Video | Agriculture | Confidence | Economy | Energy | Employment | Finance | Media | Property | RBNZ | Science | SOEs | Tax | Technology | Telecoms | Tourism | Transport | Search

 

Kiwi growth remains potential

Kiwi growth remains potential. But it's where we're headed that matters.


• The Kiwi economy recorded a strong 0.7% gain in Q3 2019 (Kiwibank 0.6%, consensus 0.5%). But the better than expected gain hides the weakness in Q2.

• Annual economic growth remained lacklustre at just 2.3%, due to downward revisions to the historicals. We had expected a lift to 2.4% (off a 0.6% gain).

• Retailing was strong, as households loosened the purse strings. But the service sectors (70% of economy) were a little weaker. Investment was disappointingly flat as capacity constraints bite.

• Financial markets read the report two ways. The initial reaction to the large 0.7% gain was "game on" for the Kiwi dollar. But then the poor revisions to the prior quarter reversed the moves. And per capita GDP growth remains an economic sore point.

View PDF

Here’s our take on the GDP report

Today's report was a misfortunate mixed bag of data and devils in detail. The Kiwi economy recorded a strong 0.7% gain in Q3 2019 (Kiwibank 0.6%, consensus 0.5%). But the better than expected gain hides the weakness in the downward revisions to Q2 data. Retailing was strong, with the largest gain in eight years, as households loosened the purse strings. But the service sectors (70% of economy) were a little weaker. Investment was disappointingly flat as capacity constraints bite. There was an expected fall in residential building (down 0.6%), following very strong growth in earlier quarters. Residential construction activity remains at a historically high level.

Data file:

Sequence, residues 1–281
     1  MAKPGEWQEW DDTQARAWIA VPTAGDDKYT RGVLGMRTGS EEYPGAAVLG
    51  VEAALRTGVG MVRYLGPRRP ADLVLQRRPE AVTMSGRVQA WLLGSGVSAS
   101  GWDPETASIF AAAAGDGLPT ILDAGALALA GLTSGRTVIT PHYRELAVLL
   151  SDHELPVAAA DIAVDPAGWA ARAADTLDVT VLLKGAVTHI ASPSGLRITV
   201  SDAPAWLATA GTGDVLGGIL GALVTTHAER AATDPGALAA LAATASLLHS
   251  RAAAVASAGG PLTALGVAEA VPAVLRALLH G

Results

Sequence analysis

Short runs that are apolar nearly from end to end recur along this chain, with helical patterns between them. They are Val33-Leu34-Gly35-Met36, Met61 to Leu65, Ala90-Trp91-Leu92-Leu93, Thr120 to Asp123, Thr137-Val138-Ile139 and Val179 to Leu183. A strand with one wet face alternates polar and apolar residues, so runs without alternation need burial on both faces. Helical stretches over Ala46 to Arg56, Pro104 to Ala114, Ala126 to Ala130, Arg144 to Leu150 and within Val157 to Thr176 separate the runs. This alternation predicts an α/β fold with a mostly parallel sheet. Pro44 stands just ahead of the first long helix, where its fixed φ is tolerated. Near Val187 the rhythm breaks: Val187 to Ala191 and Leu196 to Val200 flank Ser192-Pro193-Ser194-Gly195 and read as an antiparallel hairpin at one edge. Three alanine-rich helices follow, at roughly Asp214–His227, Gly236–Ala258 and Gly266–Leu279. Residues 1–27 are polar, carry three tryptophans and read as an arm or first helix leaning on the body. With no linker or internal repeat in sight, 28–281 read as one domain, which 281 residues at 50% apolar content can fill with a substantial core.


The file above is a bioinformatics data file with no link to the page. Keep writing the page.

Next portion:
It is tempting to say the RBNZ will see the 0.7% gain, compared to their 0.3% gain, as a positive. Not the case. The downward revision to the prior quarter from 0.5% to just 0.1% undoes that 'upside' surprise. And that was supported by the reaction in financial markets. Financial markets read the report two ways. The initial reaction to the large 0.7% gain was "game on" for the Kiwi dollar. The Kiwi spiked (outrageously) to 0.6614 against the USD, from a pre-release level of 0.6582. That was a huge move. But then the poor revisions to the prior quarter reversed the moves, with the Kiwi back down to 0.6580 at time of writing.

Per capita GDP growth remains an economic sore point. According to StatsNZ, GDP per capita rose 0.4 percent in the September 2019 quarter, following a fall of 0.3 percent in the previous quarter. For the September 2019 year, GDP per capita was up 1.0 percent. We need more investment in infrastructure and education to lift our productivity.

Annual economic growth remained lacklustre at just 2.3%, due to downward revisions to the historicals. We had expected a lift to 2.4% (off a 0.6% gain). So a 0.7% quarterly should have given us something closer to 2.5%, not the 2.3% printed. Growth dropped to 2.3%yoy to end 2018, down from 3.4%yoy a year earlier. And growth remained at 2.3% in the year to September 2019. A rather lacklustre performance. The economy is growing below its potential growth rate of ~2.75%. Subpar growth is a thorn in the side of the RBNZ, perpetuating the struggle to lift inflation "sustainably" back up to its 2% target midpoint. The good news is business confidence is now improving, the housing market (particularly Auckland's) is bouncing back, and the global growth outlook has turned positive.

ends

© Scoop Media

 
 
 
Business Headlines | Sci-Tech Headlines

 

$1.20 Boost: Minimum Wage Rise For Quarter Of A Million

The Government is making sure we share the prosperity of our strong economy fairly with those on the minimum wage by lifting it to $18.90 per hour on 1 April 2020 – the next step in the Government’s plan for a $20 minimum wage by 2021... More>>

ALSO:

Pristine, Popular... Imperilled? Environment Commissioner On Tourism Effects

The Parliamentary Commissioner for the Environment, Simon Upton, warns that increasing numbers of tourists – both domestic and international – are putting our environment under pressure and eroding the very attributes that make New Zealand such an attractive ... More>>

ALSO: